Platelet Function Disorders in Adolescents with Heavy Menstrual Bleeding: Clinical Presentations, Laboratory Testing and Treatment OptionsLawrence S Amesse1*, James A French2 and Teresa Pfaff-Amesse1
1Section of Pediatric/Adolescent Gynecology, Atlantic Reproductive Associates, Boynton Beach, Florida, USA
2Division of Hematology and Oncology, Department of Pediatrics, Dayton Children’s Hospital, Dayton, Ohio, USA
- *Corresponding Author:
- Lawrence S Amesse
Atlantic Reproductive Associates
10301 Hagen Ranch Road, Suite 6
Boynton Beach, Florida 33437, USA
E-mail: [email protected]
Received date: September 24, 2013; Accepted date: December 24, 2013; Published date: December 29, 2013
Citation: Amesse LS, French JA, Pfaff-Amesse T (2013) Platelet Function Disorders in Adolescents with Heavy Menstrual Bleeding: Clinical Presentations, Laboratory Testing and Treatment Options. J Blood Disord Transfus 5:186. doi: 10.4172/2155-9864.1000186
Copyright: © 2013 Amesse LS, et al. This is an open-access article distributed under the terms of the Creative Commons Attribution License, which permits unrestricted use, distribution, and reproduction in any medium, provided the original author and source are credited.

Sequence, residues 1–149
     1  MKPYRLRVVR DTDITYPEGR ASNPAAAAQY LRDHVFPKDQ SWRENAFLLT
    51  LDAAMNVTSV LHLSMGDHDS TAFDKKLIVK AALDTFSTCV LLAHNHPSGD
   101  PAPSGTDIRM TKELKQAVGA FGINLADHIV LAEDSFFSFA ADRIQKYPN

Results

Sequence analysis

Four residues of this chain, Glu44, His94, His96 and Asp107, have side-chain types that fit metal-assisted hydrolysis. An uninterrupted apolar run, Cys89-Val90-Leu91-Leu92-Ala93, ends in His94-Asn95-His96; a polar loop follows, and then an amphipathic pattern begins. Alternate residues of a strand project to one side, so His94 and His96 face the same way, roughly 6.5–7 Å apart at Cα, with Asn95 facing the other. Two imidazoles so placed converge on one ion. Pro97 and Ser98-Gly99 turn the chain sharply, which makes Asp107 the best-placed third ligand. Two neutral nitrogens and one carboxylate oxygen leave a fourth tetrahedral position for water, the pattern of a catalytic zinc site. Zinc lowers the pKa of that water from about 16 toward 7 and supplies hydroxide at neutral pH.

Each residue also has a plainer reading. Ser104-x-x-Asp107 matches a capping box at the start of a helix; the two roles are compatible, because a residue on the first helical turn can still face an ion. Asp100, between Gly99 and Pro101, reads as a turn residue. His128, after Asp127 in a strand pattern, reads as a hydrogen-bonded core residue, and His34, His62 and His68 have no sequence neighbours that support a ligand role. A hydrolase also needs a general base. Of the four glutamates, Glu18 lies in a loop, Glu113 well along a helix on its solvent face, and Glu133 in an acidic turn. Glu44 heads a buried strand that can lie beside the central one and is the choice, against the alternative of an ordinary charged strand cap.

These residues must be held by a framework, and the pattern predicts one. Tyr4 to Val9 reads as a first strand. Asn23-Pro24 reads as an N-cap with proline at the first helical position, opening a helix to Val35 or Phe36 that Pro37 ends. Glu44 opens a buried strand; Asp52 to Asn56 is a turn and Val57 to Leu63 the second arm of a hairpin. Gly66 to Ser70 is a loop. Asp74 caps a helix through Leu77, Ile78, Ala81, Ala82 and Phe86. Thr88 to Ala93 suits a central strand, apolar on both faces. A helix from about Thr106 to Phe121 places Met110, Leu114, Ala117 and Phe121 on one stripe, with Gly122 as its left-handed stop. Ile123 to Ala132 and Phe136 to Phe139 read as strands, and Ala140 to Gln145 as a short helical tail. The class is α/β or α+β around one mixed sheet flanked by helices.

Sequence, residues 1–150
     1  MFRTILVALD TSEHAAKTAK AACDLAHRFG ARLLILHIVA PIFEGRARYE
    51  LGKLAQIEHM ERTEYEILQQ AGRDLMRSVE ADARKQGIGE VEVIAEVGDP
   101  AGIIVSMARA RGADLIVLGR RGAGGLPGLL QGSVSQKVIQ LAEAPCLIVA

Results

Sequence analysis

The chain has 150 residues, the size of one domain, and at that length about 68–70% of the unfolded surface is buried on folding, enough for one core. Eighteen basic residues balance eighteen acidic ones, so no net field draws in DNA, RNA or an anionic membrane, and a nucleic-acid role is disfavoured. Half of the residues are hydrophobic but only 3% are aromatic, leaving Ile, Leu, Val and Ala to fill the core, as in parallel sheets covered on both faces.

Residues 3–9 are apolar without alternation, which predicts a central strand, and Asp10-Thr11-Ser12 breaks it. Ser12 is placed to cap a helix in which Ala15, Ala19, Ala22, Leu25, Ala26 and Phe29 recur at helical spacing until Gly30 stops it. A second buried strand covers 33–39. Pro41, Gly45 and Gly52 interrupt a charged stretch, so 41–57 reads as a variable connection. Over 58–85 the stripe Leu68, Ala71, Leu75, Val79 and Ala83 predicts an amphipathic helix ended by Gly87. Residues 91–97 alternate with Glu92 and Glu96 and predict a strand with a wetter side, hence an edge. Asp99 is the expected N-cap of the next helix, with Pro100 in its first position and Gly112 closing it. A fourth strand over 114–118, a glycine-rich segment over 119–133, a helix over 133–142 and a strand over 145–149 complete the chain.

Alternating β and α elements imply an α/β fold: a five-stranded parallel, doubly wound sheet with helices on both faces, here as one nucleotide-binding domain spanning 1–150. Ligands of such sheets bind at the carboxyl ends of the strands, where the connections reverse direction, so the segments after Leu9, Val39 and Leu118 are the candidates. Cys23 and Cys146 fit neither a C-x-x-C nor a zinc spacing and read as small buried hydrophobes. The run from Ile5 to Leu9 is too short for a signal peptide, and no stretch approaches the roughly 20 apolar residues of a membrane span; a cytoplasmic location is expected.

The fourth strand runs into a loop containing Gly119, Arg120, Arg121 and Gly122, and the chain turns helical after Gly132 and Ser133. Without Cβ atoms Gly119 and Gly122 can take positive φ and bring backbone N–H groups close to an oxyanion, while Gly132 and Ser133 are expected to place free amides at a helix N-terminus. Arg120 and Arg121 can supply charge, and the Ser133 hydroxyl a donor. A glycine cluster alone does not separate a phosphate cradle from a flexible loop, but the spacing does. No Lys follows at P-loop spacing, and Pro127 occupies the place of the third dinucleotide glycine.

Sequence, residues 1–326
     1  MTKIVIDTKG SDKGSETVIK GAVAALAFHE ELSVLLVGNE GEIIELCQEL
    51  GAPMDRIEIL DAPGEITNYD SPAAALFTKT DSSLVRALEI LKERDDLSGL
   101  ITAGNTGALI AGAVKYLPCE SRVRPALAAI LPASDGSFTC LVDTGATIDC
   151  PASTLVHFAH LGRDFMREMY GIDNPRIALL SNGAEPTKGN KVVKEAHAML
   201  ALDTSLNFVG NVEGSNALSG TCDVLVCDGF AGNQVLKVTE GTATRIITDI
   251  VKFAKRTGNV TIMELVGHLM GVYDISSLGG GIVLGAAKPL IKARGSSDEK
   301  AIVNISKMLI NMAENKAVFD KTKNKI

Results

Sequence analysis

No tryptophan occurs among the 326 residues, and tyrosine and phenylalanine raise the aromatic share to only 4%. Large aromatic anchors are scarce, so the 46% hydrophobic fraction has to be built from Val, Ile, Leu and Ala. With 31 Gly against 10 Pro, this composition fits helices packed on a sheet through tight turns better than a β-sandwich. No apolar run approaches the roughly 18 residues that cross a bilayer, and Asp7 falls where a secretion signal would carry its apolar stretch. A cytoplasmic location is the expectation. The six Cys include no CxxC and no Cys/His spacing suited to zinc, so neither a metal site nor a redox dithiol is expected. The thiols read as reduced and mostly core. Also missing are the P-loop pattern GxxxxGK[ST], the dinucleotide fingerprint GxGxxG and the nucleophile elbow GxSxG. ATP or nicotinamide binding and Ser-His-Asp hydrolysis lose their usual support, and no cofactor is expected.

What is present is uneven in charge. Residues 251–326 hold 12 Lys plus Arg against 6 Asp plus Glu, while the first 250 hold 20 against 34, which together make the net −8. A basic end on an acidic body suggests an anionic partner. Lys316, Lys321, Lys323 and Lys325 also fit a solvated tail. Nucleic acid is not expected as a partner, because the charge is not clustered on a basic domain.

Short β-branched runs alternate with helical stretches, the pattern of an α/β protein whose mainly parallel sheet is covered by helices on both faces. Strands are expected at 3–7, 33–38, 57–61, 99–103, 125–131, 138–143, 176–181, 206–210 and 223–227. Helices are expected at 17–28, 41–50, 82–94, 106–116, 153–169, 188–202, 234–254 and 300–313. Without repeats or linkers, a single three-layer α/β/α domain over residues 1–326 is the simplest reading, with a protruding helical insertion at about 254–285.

Background: Platelet Function Disorders (PFD) is receiving increasing attention as an important etiology of Heavy Menstrual Bleeding (HMB) in adolescents. An understanding of presentation profiles, diagnostic limitations and effective treatment regimens for these disorders are important for effective management of these disorders. Methods: This study reviews the literature on the diagnosis and treatment of platelet function disorders in adolescents with heavy menstrual bleeding. Results: Heavy menstrual bleeding affects the quality of life of many adolescents, and PFDs appearing to be an important underlying etiology of this disorder. The storage pool subtype is the most prevalent of the platelet functional defects in these patients. Standard platelet functions screening has a number of limitations in diagnosing many of the PFD subtypes, and platelet aggregation studies and electron microscopy are important diagnostic adjuncts. Hormonal and non-hormonal treatment regimens are available and treatment recommendations will depend on the severity of bleeding. Conclusion: Clinicians treating adolescent with HMB should be aware of PFDs and the diagnostic limitations in detecting many of the subtypes. Management depends on the severity of bleeding.